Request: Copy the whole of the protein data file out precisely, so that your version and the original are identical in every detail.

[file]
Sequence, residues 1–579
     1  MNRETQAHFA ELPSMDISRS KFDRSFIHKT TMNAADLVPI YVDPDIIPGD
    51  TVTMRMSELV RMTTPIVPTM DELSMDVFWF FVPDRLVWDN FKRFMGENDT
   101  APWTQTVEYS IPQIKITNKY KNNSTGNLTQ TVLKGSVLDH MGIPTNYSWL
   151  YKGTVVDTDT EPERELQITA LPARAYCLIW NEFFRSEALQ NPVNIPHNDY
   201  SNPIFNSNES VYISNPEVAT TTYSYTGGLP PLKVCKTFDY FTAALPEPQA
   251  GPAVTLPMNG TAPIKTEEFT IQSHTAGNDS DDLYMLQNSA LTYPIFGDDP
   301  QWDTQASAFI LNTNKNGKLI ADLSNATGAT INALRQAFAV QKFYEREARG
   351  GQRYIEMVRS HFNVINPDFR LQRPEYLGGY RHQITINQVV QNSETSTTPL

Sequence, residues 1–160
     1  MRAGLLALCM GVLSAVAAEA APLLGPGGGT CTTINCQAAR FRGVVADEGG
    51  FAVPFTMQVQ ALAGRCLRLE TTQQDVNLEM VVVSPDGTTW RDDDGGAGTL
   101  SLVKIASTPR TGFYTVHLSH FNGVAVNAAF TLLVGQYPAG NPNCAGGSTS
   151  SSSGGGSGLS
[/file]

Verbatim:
Sequence, residues 1–579
     1  MNRETQAHFA ELPSMDISRS KFDRSFIHKT TMNAADLVPI YVDPDIIPGD
    51  TVTMRMSELV RMTTPIVPTM DELSMDVFWF FVPDRLVWDN FKRFMGENDT
   101  APWTQTVEYS IPQIKITNKY KNNSTGNLTQ TVLKGSVLDH MGIPTNYSWL
   151  YKGTVVDTDT EPERELQITA LPARAYCLIW NEFFRSEALQ NPVNIPHNDY
   201  SNPIFNSNES VYISNPEVAT TTYSYTGGLP PLKVCKTFDY FTAALPEPQA
   251  GPAVTLPMNG TAPIKTEEFT IQSHTAGNDS DDLYMLQNSA LTYPIFGDDP
   301  QWDTQASAFI LNTNKNGKLI ADLSNATGAT INALRQAFAV QKFYEREARG
   351  GQRYIEMVRS HFNVINPDFR LQRPEYLGGY RHQITINQVV QNSETSTTPL

Sequence, residues 1–160
     1  MRAGLLALCM GVLSAVAAEA APLLGPGGGT CTTINCQAAR FRGVVADEGG
    51  FAVPFTMQVQ ALAGRCLRLE TTQQDVNLEM VVVSPDGTTW RDDDGGAGTL
   101  SLVKIASTPR TGFYTVHLSH FNGVAVNAAF TLLVGQYPAG NPNCAGGSTS
   151  SSSGGGSGLS